prominent examples of public repositories extensively used by biologists, bioinformaticians, and
the overall scientific community. In the least, analysis and processing of low-quality (e.g.,
incorrect, or incomplete) data results in wasted time and resources. In the worst case, the usage of
low-quality data may lead scientist to false conclusions or inferences, thus hampering scientific
progress.
Although several quality models and assessment methodologies have been proposed in the
literature, most are anchored in the context of enterprise data warehousing and are oriented to
solve quality problems within the business domain. Hence they do not naturally fit into the
genomics context, where the increasing data generation and usage rates impose constraints over
the kind of quality assessments that can realistically be performed. A common approach for
assessing information quality has been to gather quality appraisals from data users (e.g., in the
form of questionnaires), but this approach has two main limitations. First, it is subject-dependent
i.e., the results may vary depending on which users are chosen as subjects to carry on the study.
Second, it cannot be efficiently applied to a significantly large data set because users can only do
certain number of quality appraisals before performance starts to drop. The approach we propose
overcomes such limitations by using only quality dimensions that can be objectively (and
systematically) measured in an automated way, thus moving away from the subjective path.

1.1 Quality Problems of Biological Data Sources
We studied the quality problems currently existing in public biological repositories; particularly
in NCBI's resources like GenBank and RefSeq. We focused on these data sources because of
their widespread use. Next, we describe the three major quality problems found in biological data
sources.

1.1.1 Shortage of Quality Metadata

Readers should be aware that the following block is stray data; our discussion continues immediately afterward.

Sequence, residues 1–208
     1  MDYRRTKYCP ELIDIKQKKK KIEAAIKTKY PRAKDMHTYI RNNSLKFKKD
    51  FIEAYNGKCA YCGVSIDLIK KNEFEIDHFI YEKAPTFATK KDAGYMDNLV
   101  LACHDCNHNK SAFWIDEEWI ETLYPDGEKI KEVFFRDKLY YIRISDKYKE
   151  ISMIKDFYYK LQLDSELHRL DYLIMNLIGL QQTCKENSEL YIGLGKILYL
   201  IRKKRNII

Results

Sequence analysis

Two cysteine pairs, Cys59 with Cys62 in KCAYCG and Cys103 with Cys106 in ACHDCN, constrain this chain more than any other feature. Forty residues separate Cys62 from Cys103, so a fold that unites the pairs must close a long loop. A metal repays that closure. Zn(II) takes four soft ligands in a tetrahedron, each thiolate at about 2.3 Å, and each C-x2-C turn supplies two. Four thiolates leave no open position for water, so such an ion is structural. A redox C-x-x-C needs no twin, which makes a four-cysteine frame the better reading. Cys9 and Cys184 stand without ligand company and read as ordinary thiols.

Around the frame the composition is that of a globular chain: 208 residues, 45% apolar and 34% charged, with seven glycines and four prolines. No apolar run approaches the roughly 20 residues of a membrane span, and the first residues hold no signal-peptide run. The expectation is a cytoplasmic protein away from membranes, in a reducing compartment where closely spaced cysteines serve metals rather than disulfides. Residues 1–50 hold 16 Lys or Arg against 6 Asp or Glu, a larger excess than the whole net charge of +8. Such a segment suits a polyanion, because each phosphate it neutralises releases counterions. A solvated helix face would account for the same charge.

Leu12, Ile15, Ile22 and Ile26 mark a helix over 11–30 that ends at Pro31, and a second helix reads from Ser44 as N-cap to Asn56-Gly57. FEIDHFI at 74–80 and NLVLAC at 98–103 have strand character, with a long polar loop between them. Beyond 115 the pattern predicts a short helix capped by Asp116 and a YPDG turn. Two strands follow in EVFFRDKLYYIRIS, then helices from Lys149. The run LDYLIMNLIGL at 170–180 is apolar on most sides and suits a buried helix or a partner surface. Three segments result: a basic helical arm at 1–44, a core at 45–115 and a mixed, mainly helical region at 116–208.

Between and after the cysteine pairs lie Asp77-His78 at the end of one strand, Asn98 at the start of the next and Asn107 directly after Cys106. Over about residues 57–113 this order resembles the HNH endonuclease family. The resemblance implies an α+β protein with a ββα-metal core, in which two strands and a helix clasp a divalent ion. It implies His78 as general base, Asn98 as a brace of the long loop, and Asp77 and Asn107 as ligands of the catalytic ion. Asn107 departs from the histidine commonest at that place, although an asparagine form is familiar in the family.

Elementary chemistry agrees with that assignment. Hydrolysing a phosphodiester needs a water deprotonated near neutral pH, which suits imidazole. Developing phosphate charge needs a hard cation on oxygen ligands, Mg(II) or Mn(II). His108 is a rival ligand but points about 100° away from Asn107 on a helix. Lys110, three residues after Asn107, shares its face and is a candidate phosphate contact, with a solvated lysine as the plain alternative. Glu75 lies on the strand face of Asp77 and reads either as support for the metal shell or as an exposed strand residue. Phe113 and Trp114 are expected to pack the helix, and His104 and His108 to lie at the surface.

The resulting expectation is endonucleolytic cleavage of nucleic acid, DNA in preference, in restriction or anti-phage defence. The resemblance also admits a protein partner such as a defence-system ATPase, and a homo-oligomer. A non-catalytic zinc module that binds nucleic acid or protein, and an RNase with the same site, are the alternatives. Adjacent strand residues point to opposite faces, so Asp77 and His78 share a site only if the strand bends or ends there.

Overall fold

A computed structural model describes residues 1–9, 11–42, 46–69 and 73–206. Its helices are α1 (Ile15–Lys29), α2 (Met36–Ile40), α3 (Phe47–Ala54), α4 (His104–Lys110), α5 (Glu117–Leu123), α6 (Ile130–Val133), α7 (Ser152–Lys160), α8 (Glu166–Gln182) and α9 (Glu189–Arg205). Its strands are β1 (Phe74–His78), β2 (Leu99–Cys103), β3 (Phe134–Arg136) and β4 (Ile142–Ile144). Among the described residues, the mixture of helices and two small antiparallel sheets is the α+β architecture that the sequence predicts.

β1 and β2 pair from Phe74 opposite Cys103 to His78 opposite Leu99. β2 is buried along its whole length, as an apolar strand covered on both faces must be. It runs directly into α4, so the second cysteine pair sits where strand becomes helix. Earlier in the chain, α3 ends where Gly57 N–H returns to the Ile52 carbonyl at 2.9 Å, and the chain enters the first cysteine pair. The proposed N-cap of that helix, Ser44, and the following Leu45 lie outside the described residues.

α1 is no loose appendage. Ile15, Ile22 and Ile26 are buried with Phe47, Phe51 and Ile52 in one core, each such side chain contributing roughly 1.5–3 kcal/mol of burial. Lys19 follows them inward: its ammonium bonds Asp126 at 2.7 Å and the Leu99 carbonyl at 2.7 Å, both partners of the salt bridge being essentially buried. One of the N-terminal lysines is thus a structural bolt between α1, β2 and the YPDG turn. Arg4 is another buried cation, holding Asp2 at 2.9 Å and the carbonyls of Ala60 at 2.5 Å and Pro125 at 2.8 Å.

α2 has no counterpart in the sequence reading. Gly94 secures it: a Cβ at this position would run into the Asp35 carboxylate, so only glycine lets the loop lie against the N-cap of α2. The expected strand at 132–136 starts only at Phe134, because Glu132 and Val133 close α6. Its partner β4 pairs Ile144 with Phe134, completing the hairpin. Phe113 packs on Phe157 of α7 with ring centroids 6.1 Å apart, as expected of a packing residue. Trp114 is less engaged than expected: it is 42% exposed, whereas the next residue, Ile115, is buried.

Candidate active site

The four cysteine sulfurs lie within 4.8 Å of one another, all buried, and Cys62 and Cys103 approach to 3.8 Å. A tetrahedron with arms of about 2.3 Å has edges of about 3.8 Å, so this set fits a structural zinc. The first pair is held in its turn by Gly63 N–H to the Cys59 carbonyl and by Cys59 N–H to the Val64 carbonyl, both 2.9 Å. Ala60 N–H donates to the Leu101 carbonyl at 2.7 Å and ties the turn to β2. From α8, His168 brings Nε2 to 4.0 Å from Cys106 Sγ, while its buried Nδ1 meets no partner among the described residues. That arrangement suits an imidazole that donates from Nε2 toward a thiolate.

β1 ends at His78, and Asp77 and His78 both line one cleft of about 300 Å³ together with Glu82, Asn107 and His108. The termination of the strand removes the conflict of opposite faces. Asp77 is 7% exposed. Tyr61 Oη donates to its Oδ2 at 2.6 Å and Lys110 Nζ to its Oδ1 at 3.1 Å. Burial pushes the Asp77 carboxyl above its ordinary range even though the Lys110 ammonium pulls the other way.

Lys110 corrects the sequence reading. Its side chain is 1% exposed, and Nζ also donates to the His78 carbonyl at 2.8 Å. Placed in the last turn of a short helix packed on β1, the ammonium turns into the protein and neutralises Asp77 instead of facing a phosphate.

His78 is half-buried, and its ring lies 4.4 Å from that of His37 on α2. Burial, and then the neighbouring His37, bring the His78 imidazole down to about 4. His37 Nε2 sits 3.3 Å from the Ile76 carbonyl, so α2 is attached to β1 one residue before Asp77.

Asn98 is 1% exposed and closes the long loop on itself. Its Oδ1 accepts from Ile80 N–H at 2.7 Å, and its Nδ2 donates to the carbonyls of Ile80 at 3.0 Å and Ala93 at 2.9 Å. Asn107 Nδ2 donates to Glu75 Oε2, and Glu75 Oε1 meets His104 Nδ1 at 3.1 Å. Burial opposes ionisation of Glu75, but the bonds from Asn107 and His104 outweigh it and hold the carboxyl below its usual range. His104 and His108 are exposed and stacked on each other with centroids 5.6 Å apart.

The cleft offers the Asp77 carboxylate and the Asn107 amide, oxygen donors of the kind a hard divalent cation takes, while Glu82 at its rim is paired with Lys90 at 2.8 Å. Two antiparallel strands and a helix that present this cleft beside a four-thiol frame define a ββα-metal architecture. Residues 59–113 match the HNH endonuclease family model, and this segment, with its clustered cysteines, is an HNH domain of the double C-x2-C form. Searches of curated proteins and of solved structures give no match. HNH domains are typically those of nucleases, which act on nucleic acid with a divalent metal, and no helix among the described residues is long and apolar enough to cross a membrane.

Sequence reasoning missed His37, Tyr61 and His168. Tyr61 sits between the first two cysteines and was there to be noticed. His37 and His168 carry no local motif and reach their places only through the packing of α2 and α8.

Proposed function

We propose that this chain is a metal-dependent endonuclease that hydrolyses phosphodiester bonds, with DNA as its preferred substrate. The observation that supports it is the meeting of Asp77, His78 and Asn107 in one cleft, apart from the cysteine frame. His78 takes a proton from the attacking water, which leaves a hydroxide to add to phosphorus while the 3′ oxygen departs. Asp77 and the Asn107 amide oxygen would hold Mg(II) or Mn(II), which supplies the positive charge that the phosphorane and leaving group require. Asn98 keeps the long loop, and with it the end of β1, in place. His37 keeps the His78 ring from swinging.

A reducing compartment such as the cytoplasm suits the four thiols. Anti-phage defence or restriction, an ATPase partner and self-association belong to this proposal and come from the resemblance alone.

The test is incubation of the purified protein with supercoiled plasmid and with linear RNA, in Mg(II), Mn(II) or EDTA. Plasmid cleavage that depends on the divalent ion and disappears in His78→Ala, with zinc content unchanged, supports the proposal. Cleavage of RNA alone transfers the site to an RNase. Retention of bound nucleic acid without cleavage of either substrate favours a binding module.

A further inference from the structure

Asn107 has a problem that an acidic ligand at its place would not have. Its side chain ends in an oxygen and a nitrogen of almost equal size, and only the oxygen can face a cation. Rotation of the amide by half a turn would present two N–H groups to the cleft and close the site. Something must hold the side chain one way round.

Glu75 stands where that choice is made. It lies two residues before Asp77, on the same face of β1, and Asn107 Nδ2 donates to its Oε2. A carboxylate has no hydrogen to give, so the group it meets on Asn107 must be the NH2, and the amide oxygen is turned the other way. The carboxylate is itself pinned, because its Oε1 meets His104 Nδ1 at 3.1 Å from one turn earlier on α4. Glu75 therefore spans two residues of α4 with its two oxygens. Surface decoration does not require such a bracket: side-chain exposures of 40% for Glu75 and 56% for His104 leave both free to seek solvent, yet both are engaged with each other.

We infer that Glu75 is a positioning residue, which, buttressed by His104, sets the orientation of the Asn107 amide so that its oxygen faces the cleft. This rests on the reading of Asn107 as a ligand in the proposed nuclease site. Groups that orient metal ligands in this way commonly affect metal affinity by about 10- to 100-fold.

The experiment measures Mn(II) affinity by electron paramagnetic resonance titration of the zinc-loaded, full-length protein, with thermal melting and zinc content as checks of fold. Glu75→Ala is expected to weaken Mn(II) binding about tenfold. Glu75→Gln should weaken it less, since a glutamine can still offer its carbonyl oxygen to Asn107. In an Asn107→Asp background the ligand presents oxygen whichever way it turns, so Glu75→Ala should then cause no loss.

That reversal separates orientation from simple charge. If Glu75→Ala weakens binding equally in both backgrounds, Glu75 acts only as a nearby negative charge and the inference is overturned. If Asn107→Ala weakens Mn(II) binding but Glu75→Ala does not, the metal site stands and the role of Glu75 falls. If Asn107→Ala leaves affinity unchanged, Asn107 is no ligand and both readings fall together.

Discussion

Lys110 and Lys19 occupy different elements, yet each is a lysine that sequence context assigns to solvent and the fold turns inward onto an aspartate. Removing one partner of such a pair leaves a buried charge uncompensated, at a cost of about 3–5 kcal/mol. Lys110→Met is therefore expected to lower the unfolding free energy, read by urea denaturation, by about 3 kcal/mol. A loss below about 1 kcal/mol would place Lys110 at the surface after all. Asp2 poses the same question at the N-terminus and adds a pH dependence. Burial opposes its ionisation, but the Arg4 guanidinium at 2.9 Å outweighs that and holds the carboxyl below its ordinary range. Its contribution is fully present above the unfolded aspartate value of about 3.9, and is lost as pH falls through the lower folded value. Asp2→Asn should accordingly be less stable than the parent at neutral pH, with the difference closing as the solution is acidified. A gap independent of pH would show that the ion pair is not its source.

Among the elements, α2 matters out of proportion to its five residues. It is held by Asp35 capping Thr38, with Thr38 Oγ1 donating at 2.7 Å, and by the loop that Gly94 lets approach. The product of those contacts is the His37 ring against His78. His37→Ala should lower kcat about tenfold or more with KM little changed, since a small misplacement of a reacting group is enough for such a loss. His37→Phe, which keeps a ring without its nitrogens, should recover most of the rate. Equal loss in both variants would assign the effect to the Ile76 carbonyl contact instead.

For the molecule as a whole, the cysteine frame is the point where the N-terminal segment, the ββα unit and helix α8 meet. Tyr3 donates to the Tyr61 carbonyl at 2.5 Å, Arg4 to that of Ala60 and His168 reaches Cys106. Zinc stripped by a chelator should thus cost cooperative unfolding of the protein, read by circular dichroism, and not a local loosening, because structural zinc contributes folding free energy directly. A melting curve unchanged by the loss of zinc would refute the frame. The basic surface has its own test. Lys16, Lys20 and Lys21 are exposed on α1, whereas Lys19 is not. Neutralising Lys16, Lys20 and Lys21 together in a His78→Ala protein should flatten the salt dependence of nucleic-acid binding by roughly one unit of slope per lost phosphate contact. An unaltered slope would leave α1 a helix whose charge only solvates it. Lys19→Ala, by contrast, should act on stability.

Currently, biological data sources provide minimal information about the quality of the stored
data. Some repositories offer base-calling scores, but these quality indicators refer to the
sequence data only. Typically, genomic records contain not only sequence data but also
annotations about the sequence, which should be taken into account if an evaluation of the entire
record is sought.










Several challenges must be overcome when addressing the shortage of quality metadata provided
by the data sources. First, comprehensive quality assessments need to be formulated, which
consider the entire contents of a record (i.e., sequence data and annotations). Second, different
quality aspects of the stored data should be available in order to accommodate the large variation
in usage and quality perception by users of the data sources. Consequently, quality must be
evaluated from a multidimensional perspective. Third, a mechanism to represent and store quality
information about the underlying biological data needs to be devised.

1.1.2 High Data Generation to Curation Ratio
Most pubic biological repositories have some kind of curation process in place, with the aim of
cleaning, standardizing, and annotating the data submitted to the database. Even though this
curation process can be (and has been) partially automated, a significant amount of human effort
is still required. On the other hand, large amounts of biological data coming from different
sequencing centers are loaded into the repositories every day. As a result, the ratio of data
generation to data curation is increasing. For this reason, most sources publish their newly
acquired data before it is completely curated, thus raising concern over the quality of available
data.
One approach for addressing the high data generation to curation ratio problem is to fully
automate the curation process. However, until this becomes a viable option, an indication of the
quality of the available data (like the amount of annotations) would help users recognize curated